When Antoine Davis walks into a room, one may not notice him. He’s shy. Quiet. Laidback. Reserved. Easy-going. Low-maintenance. He likes to sit back and observe.
But on the basketball court, the Detroit Mercy star is anything but quiet. He can take over any game he plays.
The graduate guard is just one of 11 men’s players in NCAA Division I history to eclipse the 3,000-point marker. He has scored 3,103 points, the seventh-most all time. He is less than 100 points away from breaking into the top five. He is averaging 24.6 points per game over his career.
“He’s a poster child for real hard work,” said Mike Davis, Antoine’s father and head coach at Detroit Mercy. “You know, competing against older, college, pro guys as a junior high and high school kid; ... not having the physical [talent] like everyone else had but still able to have to figure out how to compete; we had a great routine for him.”
The father-son tandem worked tirelessly as Antoine grew up, spending hours upon hours in the gym each day.
At one point, Davis took 5,000 shots a day, six days a week for a total of 30,000 shots every week. One day, he took 10,000 shots. After putting up 5,000 during his regular daily workout, he was restless that night, so he and his father went back to the gym for another 5,000. The elder Davis compared getting all these shots up to a Happy Meal for the sharpshooter.
The Birmingham, Ala., native’s motivation came from getting cut from his school’s team in middle school.
“It made me realize I’m not as good as I thought I was,” Antoine Davis said. “All I did was just put more work in and put the time in, and I eventually made the team the next year and played really well and just kept working no matter what.”
Around that time, the Davis family relocated to Houston when Mike became the head coach at Texas Southern. The move had a monumental impact on Antoine.
First, he started to be home schooled by his mother. This setup allowed him to dedicate even more time in the gym. His father noted that, during the school year, Antoine made significant strides compared to other kids because he was able to dedicate more time in the gym.
Second, Davis began working and learning under the tutelage of John Lucas II, who played 14 years in the NBA and was also a head coach in the Association. Davis practiced with him in the morning and afternoon. Then, at night, the guard worked out in the gym with his father.
“[John Lucas] had the biggest impact [on my basketball career],” Davis said. “He’s the reason why I started working as hard as I was or I needed to work as hard as I needed to.”
All of this work has paid off for the four-time First-Team All-Horizon League selection. Davis has scored in double figures in an NCAA record 126 consecutive games — every single game he has played.
A lethal shooter, the 6-foot-1-inch guard has drained 492 3-pointers, third most in NCAA history. He sits 17 triples away from Fletcher Magee’s record of 509. Davis is averaging just under four trifectas a game, so he is on pace to break the record later this month.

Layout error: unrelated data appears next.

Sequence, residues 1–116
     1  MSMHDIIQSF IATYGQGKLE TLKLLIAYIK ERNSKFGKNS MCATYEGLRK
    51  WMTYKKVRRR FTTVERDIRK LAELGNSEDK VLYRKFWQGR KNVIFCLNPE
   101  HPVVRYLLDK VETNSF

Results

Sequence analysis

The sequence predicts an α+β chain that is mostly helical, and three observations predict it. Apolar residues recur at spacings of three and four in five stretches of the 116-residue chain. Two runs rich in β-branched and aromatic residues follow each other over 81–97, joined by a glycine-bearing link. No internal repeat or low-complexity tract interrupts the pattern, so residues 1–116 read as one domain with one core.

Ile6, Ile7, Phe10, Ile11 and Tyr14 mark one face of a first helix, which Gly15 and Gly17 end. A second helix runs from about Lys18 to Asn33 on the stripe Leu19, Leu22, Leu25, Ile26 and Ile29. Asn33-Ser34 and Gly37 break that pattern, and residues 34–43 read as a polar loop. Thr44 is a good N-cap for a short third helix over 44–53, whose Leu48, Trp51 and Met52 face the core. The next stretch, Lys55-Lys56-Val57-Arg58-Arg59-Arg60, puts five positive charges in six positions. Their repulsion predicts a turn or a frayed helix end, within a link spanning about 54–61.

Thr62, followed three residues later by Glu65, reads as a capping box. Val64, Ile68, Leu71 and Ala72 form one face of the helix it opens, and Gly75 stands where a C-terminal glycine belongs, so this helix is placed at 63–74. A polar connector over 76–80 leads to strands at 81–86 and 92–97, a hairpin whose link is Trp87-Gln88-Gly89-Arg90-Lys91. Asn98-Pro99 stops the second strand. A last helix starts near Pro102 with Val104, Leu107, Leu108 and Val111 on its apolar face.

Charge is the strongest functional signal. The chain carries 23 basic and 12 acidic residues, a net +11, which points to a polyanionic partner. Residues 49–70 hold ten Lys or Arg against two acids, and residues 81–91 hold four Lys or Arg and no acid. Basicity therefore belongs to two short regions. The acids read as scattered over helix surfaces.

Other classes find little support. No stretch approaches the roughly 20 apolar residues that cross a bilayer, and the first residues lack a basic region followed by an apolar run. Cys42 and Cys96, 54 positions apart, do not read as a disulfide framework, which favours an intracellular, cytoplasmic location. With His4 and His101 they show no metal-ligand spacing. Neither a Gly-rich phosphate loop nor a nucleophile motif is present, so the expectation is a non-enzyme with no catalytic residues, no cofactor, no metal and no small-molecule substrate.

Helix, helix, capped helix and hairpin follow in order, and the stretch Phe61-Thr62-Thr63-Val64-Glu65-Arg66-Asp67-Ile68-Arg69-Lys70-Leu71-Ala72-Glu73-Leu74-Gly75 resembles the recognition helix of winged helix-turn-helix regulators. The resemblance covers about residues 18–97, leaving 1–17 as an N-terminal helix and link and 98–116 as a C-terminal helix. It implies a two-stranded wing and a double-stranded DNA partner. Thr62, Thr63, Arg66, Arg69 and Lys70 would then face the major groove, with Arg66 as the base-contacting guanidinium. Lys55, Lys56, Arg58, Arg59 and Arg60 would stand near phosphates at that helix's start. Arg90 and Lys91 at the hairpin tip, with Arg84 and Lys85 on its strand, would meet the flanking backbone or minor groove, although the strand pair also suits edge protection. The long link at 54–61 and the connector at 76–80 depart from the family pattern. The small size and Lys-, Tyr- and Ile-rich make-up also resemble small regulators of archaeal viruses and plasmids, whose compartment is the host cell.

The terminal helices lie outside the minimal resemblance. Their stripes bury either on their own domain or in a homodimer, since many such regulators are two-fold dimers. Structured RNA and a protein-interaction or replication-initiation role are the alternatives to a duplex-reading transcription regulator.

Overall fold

In addition to his scoring prowess, Davis demonstrates a willingness to defer to his teammates. He joined Saint Peter’s legend Keydren Clark as the only players with 3,000 points and 500 assists. He currently sits at 521 helpers.
“Antoine’s a great player, great person and an awesome teammate,” said Gerald Liddell, who is in his first season with Detroit Mercy after transferring from Alabama State. “He creates a lot for us as his teammates on the floor. He draws a lot of attention. Every time he has the ball, there are going to be 10 eyes on him. So it’s just about being in the right spots and complementing him.”
One of Davis’ most memorable assists came at Tulsa last month. With the Titans trailing by two in the final minute of the contest, Davis drove to the baseline, drew a double team and instead of forcing a shot, kicked it out to the top of the key to freshman Isaiah Jones for a wide-open go-ahead 3-pointer.
“I love [getting my teammates involved],” Davis said. “It gets them going, and it gets me going as well, even when I’m not scoring. Just having teammates around that know what they’re doing and that trust me to get them the ball or whatever the case may be is just special.”
Davis’ closest ally is his coach/father. Mike said their relationship has greatly improved this season compared to earlier in Antoine’s career. The 62-year-old coach reflected that he was really demanding of his son, and this season, he is letting the graduate guard play more freely and has eased back the reins on Antoine.
To add to the family affair at Detroit Mercy, Antoine’s older brother Mike Jr. is on the coaching staff as an assistant.
As crafty as Davis is scoring the ball, he is equally creative off the court. He has a passion for photography and fashion. He always had a creative side and started taking an interest in them during the early days of the COVID-19 pandemic. Some nights Davis stayed up until 3 or 4 a.m. some nights watching photography videos on YouTube to learn new techniques.
Davis started taking photos for his friends after he purchased his first film camera,. As he took more pictures, he saw his talent for it.
Davis envisions that photography and fashion will hold a place in his future once the ball stops bouncing. However, before that day comes, the sharpshooter eyes playing professionally.
“He has no ceiling right now,” Liddell said. “He works like a pro and, as you can see, he produces like a pro. So, wherever he wants to go with this, I feel like that’s where he’s going to take it.”